by Schroeder K

Vertigo

(Dizziness)

Definition

Vertigo is a feeling of spinning or whirling when you are not moving. It can also be an exaggerated feeling of motion when your body is still. Vertigo is a symptom that can be caused by many different conditions. Vertigo is different from passing dizziness or lightheadedness.

Causes

Inner ear nerves and structures sense the position of your head and body in space. Vertigo is often caused by problems with these nerves and structures. Less commonly, it is due to problems in the brain.
Vertigo can be classified as:

Vertigo of Peripheral Origin

Vertigo of peripheral origin is caused by problems of the inner ear. It is the most common type of vertigo. Causes may include:

Vertigo of Central Origin

Vertigo of central origin is not as common as vertigo of peripheral origin, but it is more serious. This type of vertigo is affects the brainstem or the cerebellum, the region of the brain that controls balance. Causes may include:
  • Brain lesion or tumors
  • Stroke
  • Migraine headaches
  • Nervous system disorders such as Parkinson's disease, or multiple sclerosis
  • Epilepsy
  • Excessive exposure to alcohol, heavy industrial metals, or poisons
  • Injury

Risk Factors

Vertigo is a symptom that may be caused by many conditions. Having any of the conditions will make your more prone to having vertigo.

Symptoms

Common vertigo symptoms include:
  • Sensation of rotation
  • Illusion of movement
  • Sensation of feeling pulled in one direction
  • Feeling off-balance
Vertigo is different then lightheadedness. With lightheadedness, there is no sensation of movement. People often feel lightheaded before they faint.

Diagnosis

You will be asked about your symptoms and medical history. A physical exam will be done. To find the cause of your vertigo, additional tests may be done. Tests may include:
  • Blood tests
  • Dix-Hallpike maneuver—particular movement of the head to relieve or stimulate symptoms
  • Auditory tests
  • Vision tests
  • Blood pressure test, both lying down and standing up
  • Electronystagmogram (ENG)—to check for nystagmus, an abnormal, rhythmic, jerking eye movement
  • MRI scan
  • Rotatory chair test in certain situations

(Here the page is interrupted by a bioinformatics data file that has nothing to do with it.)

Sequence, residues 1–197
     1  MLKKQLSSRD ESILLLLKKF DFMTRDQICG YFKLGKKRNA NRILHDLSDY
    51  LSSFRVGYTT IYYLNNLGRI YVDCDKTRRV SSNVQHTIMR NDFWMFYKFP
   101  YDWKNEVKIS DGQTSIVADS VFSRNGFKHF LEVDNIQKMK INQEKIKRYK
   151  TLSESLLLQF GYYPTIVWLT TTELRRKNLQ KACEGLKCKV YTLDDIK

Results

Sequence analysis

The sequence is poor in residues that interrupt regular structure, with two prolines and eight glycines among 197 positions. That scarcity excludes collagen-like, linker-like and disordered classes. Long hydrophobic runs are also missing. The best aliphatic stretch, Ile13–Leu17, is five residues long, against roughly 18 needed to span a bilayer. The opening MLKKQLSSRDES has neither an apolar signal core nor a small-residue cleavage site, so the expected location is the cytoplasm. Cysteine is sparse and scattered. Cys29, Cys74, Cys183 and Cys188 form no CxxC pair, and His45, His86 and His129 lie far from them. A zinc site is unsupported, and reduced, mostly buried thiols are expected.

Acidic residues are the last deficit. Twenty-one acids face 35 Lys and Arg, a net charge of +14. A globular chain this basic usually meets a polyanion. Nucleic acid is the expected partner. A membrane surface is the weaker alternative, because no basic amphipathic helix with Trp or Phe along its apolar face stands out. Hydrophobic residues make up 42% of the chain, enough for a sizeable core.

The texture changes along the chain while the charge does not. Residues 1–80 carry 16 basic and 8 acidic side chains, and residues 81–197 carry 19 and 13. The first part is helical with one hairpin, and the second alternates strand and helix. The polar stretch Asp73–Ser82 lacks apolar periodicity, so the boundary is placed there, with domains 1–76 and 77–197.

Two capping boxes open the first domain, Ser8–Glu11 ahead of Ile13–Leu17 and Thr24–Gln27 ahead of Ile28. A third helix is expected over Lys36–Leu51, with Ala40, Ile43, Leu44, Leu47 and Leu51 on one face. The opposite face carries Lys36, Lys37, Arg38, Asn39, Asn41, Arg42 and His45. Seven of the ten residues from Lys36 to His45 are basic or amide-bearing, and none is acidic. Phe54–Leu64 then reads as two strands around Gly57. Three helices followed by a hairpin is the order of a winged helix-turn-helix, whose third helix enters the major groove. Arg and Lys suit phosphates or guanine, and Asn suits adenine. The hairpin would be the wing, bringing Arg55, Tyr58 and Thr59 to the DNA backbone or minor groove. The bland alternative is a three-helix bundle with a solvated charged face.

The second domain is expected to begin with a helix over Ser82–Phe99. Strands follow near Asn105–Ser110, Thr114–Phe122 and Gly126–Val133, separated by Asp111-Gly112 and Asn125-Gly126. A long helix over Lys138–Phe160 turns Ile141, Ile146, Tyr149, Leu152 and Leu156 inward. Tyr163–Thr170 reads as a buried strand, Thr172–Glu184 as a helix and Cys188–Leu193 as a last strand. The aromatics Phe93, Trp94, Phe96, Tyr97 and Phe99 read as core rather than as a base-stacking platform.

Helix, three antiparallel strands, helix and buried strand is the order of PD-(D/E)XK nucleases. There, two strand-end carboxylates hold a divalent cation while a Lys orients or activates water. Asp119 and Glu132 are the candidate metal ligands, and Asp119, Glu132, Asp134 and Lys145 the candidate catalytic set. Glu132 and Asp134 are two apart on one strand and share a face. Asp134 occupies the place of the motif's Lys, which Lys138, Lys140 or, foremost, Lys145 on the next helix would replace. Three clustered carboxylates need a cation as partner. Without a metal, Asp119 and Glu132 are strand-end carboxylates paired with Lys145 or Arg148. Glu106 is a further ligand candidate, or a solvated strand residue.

• Brainstem auditory evoked potential studies (BAEPS or BAERs)—to check for nerve conduction in the brain auditory nerve and brain stem

Treatment

Vertigo is a symptom of another medical condition. Treatment will focus managing the underlying medical condition. Efforts may also be used to decrease the symptoms of vertigo. These may include one or more of the following:

Medications

  • Antihistamines
  • Benzodiazepines
  • Anticholinergics
  • Anti-nausea medications
In some cases, you may need to stop taking medications that may be causing your vertigo.

Lifestyle Changes

Living with vertigo can be challenging, but not impossible. Try these tips:
If you are in a crowded open space, or out in public:
  • Use a cane to help with balance and mobility
  • Sit at one end of the sports field or theater to avoid moving your head back and forth
  • Bring a stool or chair so you can sit down when you need to
  • Schedule your day around peak times when places are crowded
Other tips:
  • Don't read or work on a computer if you are moving
  • Don't fly if you have sinus or ear problems due to an infection
  • Avoid loud background music and harsh lighting
  • Try to eat smaller meals throughout the day
  • Drink plenty of fluids
  • Avoid tobacco, alcohol, and caffeine

Prevention

There is no known way to prevent vertigo.

RESOURCES

American Academy of Otolaryngology - Head and Neck Surgery http://www.entnet.org

Vestibular Disorders Association http://www.vestibular.org

CANADIAN RESOURCES

Balance and Dizziness Disorders Society http://www.balanceanddizziness.org

Canadian Academy of Audiology http://www.canadianaudiology.ca

References

Chan Y. Differential diagnosis of dizziness. Curr Opin Otolaryngol Head Neck Surg. 2009;17(3):200-203.

Dizziness and vertigo. Merck Manual for Health Care Professionals. http://www.merckmanuals.com/professional/print/ear%5Fnose%5Fand%5Fthroat%5Fdisorders/approach%5Fto%5Fthe%5Fpatient%5Fwith%5Fear%5Fproblems/dizziness%5Fand%5Fvertigo.html. Updated January 2009. Accessed April 25, 2013.

Dizziness-differential diagnosis. EBSCO DynaMed website. Available at: http://www.ebscohost.com/dynamed. Updated December 16, 2011. Accessed April 25, 2013.

Karatas M. Central vertigo and dizziness: epidemiology, differential diagnosis, and common causes. Neurologist. 2008;14(6):355-364.

Mukherjee A, Chatterjee SK, et al. Vertigo and dizziness-a clinical approach. J Assoc Physicians India. 2003;51:1095-1101.

Strategies for everyday living. Vestibular Disorders Association website. Available at: http://vestibular.org/living-vestibular-disorder/everyday-challenges. Accessed April 25, 2013.

Swartz R, Longwell P. Treatment of vertigo. Am Fam Physician. 2005;71(6):1115-1122.

7/2/2010 DynaMed's Systematic Literature Surveillance. http://www.ebscohost.com/dynamed: Oh HJ, Kim JS, et al. Predicting a successful treatment in posterior canal benign paroxysmal positional vertigo. Neurology. 2007;68:1219-1222.

9/10/2014 DynaMed's Systematic Literature Surveillance. http://www.ebscohost.com/dynamed: University of Texas at Austin School of Nursing, Family Practitioner Program. Evaluation of vertigo in the adult patient. Austin (Tx): University of Texas at Austin, School of Nursing; 2014 May. 19 p. Available at: http://www.guideline.gov/content.aspx?id=48220#Section427. Accessed September 10, 2014.

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